Hilariously enough to me, the husband spoke only Japanese. The wife spoke English, but with a very strong accent. Sam was waiting tables and was trying to help them out, but with his strong Hindi accent, there was a gap in communication. Happily, I stepped in to translate Japanese-English to Indian-English. For the first time in my life, I was an American, in Canada, in a German bar, with an Indian owner/cohort/friend, and fellow Japanese customers. While we were involved in this, a heavily-tattooed trucker from Ottawa came in. He had a very strong Canadian Bacon-esque “eh” way of talking. He had been trucking for nearly twenty years of his life and knew no other way. He had lived in the States for a while, but had a love for the open road, logging, and all that “trucker” lifestyle entails. I wish I could have this night recorded for the rest of my life.
I don't know if it was the heavy drinking, the speaking to an Indian man in drunken German, translating English to English, or what, but this will forever be in my top 10 list of all nights.
Sam closed out my tab after a couple hours (whew, glad I stopped there once I saw the bill), and had the bartender pour us a couple drinks. I had been texting a friend back home, and told her to ignore anything more from me that night, as I was at my limit (and yes, I was only walking back a block to my hotel). From this point on, Sam had my bill on the house. This was a free triple of Johnny Walker Black Label. I'm not usually one to drink straight whiskey, but I'm also too polite to turn down a free drink.
Once the Japanese couple left, Sam sent the bartender home and shut off the Open light so he could hang out with the trucker, me, and later a man and his daughter that were staying in his hotel. Sam had moved to Toronto at the age of 13. He started off in car wash at 16, bought it at 20, and had an amazing entrepreneur story every since, including owning gas stations, car lots, and now a hotel. Here's Sam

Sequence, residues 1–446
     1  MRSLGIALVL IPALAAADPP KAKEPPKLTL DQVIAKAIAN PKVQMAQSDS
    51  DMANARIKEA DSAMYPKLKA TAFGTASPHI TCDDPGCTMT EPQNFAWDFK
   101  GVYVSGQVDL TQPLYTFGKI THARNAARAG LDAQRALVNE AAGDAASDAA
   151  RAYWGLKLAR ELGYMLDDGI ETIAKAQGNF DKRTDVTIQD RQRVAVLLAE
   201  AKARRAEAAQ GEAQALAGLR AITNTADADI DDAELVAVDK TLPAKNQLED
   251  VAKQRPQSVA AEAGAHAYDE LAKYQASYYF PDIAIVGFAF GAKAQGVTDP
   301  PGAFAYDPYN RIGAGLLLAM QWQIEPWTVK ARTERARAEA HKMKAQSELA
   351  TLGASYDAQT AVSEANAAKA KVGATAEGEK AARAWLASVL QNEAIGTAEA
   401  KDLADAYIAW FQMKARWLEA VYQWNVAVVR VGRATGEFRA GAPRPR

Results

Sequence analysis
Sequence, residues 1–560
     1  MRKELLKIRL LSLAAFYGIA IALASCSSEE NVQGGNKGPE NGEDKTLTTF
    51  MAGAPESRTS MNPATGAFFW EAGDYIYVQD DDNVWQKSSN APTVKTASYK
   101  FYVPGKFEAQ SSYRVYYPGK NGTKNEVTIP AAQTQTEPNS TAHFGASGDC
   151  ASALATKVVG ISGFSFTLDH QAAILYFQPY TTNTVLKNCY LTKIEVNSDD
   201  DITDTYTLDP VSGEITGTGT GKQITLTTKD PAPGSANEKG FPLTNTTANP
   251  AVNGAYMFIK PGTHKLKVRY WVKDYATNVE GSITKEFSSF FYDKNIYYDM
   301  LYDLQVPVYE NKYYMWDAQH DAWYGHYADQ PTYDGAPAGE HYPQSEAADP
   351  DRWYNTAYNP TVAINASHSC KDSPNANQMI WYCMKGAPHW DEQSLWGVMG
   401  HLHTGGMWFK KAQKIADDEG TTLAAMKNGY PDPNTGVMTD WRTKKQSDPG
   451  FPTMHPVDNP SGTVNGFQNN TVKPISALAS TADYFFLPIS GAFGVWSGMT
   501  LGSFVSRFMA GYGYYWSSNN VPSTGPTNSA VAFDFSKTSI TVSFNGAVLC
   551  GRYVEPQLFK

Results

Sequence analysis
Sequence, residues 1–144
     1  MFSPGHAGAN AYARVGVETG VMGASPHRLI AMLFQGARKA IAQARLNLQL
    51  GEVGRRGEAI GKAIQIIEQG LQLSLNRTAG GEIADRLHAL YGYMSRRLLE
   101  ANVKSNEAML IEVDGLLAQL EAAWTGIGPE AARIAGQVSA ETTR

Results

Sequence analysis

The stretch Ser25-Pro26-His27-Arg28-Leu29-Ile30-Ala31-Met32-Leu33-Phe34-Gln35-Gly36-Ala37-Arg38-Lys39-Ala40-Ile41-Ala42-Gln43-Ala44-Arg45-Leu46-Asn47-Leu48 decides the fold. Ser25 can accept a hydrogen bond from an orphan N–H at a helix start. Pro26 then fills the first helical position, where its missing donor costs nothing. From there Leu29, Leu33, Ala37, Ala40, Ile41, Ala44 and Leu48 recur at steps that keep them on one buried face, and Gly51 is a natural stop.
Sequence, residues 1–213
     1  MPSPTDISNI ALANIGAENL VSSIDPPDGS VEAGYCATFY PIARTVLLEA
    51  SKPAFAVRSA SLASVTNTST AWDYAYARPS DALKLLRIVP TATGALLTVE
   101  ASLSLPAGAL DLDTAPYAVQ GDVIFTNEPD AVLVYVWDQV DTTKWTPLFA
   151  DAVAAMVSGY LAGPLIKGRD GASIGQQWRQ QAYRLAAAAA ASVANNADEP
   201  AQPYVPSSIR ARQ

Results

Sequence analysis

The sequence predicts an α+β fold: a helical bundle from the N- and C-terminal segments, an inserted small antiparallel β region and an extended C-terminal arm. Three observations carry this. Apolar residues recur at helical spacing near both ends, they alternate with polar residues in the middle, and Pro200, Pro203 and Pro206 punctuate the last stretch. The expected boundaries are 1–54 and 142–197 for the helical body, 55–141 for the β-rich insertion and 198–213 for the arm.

Later on, a one-armed expatriate Gulf War veteran from Wisconsin came in and we started talking cars and motorcycles. He was a cool gent that owned two of my dream cars: a Corvette Z06 and a Pontiac G8 GXP (although both of these were automatic for obvious reasons). I don't remember going to sleep that night, but think it's best that way.
Draechon screwed with this post 01-27-2012 at 12:23 AM
|01-30-2012, 08:49 PM||#13|
Where did I put that
Joined: Mar 2008
There is a reason I subscribed to this thread, so long ago.
And now new reasons yet, nostalgia for home.
Doing great, kid. Keep up the good work!
"Even though my trip turned out badly, I don't regret the kind of life I chose to live. Adventure!" RIP-Clay Schwartz 9/14/07
The bike never has been, never is, and never will be the limiting factor in my, your, or anyone else's ability to have an adventure. -jake28-
|01-31-2012, 06:31 AM||#14|
Joined: Sep 2009
Location: columbia, sc
dude! I thought you went to detroit and back.. now i see your in Canada...
hate to hear about the job, I know it must be tough.
later this year i'm going over that bridge, but will be turning left before i hit canada......
glad to see your finishing your report......can't wait for the rest.......
hope you been well my friend....
|02-01-2012, 11:25 PM||#15|
Joined: Oct 2008
Day 7, Thursday, 30 June 2011
From here to home, the days became rather uneventful. I was excited to be in Canada, but shocked at the cost of living increase, so was in a bit of a hurry to get home. I was just starting to get into the hang of “being away from home,” but simultaneously being worried of what that all entailed.
I got up at 9, saw a loaded, ADV-style KLR at the cafe, but never saw the owner in the nearly hour it took to re-oil and install the air filter.
I had never done this procedure before, and ended up over-oiling the filters to make them appear the “normal” K&N style. Luckily, I figured this out before leaving town when the bike kept dying. I stopped in the parking lot of a grocery store for a few hours to re-clean the filters and dry them out.
I ended up trying to leave town about 12:30, but decided to ride a few back roads beforehand in case trouble arose and saw the following sights
Cool looking dune-buggy
In case things didn't work out with the Bandit, this Goldwing was available for $1800
I got back on my way around one and started seeing the beauty that was Southern Canada. There were numerous cool road-signs I tried to take pictures of, but missed quite a few.
Trucks and buses don't stop for intersections:
Humongous dandelion (I wear XXXL gloves for reference)
Gas back home was around $4.15 per gallon at the time